Such rhetoric and calls for preemptive regulation are unjustified. There is no evidence that broadband operators are unfairly blocking access to websites or online services today, and there is no reason to expect them to do so in the future. No firm or industry has any sort of “bottleneck control” over or market power in the broadband marketplace; it is very much a competitive free‐for‐all, and no one has any idea what the future market will look like with so many new technologies and operators entering the picture. In the absence of clear harm, government typically doesn’t regulate in a preemptive, prophylactic fashion as CBUI members are requesting.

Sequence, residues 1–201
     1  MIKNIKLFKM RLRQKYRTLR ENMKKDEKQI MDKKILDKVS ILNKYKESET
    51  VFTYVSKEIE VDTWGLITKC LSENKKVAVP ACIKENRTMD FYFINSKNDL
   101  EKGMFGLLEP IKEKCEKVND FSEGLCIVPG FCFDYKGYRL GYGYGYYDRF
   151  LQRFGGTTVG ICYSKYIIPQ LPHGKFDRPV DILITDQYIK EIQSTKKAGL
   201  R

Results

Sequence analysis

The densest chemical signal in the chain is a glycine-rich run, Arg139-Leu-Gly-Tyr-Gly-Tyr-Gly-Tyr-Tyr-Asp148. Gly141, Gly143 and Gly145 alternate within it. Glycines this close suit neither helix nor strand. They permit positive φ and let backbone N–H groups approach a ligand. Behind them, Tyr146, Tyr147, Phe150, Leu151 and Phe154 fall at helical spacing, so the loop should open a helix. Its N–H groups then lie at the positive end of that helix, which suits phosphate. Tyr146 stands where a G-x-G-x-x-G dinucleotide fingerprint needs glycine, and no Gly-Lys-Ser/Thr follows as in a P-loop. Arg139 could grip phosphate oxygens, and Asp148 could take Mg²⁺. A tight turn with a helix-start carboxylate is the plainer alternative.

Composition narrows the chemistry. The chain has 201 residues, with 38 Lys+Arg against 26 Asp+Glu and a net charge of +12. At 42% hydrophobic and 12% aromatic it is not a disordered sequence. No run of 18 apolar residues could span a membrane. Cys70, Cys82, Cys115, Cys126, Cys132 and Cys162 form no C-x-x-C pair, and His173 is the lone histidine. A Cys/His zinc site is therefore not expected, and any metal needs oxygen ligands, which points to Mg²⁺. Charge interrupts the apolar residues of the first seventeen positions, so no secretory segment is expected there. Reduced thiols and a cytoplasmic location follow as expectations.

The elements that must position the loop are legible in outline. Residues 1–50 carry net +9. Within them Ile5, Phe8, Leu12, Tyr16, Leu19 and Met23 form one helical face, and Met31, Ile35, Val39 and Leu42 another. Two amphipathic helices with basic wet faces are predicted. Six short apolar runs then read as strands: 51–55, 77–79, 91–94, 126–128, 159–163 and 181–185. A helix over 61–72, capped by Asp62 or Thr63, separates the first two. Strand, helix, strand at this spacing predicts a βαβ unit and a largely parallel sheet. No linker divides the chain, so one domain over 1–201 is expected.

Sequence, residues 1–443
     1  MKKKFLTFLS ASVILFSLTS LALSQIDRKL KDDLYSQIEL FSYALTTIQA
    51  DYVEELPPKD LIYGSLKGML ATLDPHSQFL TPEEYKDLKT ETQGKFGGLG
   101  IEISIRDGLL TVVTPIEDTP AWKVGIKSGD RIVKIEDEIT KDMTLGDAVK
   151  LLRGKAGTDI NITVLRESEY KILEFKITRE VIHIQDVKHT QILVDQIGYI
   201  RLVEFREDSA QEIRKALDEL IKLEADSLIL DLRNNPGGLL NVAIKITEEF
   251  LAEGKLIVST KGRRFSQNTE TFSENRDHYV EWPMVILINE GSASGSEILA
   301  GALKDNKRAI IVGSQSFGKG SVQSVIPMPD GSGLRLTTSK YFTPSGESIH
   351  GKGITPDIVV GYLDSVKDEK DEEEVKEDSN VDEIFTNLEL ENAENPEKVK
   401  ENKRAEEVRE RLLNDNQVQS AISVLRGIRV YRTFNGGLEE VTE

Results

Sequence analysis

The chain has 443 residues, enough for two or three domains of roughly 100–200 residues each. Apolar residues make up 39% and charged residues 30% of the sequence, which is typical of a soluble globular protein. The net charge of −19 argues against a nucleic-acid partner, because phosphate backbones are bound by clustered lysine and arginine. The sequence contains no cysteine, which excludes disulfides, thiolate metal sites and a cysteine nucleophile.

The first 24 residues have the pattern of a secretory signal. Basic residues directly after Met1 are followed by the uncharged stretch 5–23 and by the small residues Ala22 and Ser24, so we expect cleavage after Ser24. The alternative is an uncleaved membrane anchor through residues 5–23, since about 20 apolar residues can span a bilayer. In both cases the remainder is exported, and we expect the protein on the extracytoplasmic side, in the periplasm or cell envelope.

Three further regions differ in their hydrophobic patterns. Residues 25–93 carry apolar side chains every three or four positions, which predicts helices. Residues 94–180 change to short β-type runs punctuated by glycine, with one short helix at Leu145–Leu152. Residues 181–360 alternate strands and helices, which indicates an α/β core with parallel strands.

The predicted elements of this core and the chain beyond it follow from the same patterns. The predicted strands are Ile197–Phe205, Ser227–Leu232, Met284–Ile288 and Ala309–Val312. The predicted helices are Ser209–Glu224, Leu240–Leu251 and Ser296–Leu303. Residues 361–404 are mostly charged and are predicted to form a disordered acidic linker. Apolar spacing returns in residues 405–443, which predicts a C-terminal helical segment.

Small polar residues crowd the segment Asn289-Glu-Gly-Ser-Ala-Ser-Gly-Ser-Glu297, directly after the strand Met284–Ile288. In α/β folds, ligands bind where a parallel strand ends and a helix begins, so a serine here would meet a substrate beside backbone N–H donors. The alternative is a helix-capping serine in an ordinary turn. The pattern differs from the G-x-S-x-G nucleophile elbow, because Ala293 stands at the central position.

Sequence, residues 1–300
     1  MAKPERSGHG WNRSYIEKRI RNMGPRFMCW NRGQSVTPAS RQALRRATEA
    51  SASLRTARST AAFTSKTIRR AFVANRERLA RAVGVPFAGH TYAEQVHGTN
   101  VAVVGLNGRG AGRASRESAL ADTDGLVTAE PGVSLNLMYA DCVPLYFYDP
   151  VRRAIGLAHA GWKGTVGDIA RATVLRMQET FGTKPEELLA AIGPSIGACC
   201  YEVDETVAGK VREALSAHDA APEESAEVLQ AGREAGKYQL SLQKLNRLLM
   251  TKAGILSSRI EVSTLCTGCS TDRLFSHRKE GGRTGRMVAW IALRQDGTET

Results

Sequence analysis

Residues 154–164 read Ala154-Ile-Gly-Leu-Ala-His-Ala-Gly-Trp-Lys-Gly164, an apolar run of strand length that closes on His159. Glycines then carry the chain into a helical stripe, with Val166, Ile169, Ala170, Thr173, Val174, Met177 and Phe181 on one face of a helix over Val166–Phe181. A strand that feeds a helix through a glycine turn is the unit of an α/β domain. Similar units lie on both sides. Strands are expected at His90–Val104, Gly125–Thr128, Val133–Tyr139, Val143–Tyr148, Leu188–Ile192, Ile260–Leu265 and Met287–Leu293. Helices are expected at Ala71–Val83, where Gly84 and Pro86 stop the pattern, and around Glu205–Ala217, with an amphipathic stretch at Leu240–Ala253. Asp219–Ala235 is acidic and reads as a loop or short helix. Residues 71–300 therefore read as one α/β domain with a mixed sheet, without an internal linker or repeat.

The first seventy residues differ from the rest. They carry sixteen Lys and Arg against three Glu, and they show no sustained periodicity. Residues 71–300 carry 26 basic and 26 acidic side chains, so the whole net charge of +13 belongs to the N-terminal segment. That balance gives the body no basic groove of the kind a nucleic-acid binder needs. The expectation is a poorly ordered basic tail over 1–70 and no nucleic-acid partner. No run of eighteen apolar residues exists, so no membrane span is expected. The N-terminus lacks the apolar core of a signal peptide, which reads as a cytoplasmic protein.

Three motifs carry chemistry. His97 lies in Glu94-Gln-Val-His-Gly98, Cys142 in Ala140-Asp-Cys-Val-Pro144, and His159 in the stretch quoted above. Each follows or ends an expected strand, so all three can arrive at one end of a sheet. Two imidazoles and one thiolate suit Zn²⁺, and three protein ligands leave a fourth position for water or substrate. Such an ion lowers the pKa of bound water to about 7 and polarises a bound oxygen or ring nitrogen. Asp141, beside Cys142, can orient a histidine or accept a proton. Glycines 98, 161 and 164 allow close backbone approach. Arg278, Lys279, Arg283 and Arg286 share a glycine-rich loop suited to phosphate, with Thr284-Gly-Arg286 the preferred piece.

Moreover, far from being something regulators should forbid, vertical integration of new features and services by broadband network operators is an essential part of the innovation strategy companies will need to use to compete and offer customers the services they demand. Network operators also have property rights in their systems that need to be acknowledged and honored. Net neutrality mandates would flout those property rights and reject freedom of contract in this marketplace.
The regulatory regime envisioned by Net neutrality mandates would also open the door to a great deal of potential “gaming” of the regulatory system and allow firms to use the regulatory system to hobble competitors. Worse yet, it would encourage more FCC regulation of the Internet and broadband markets in general.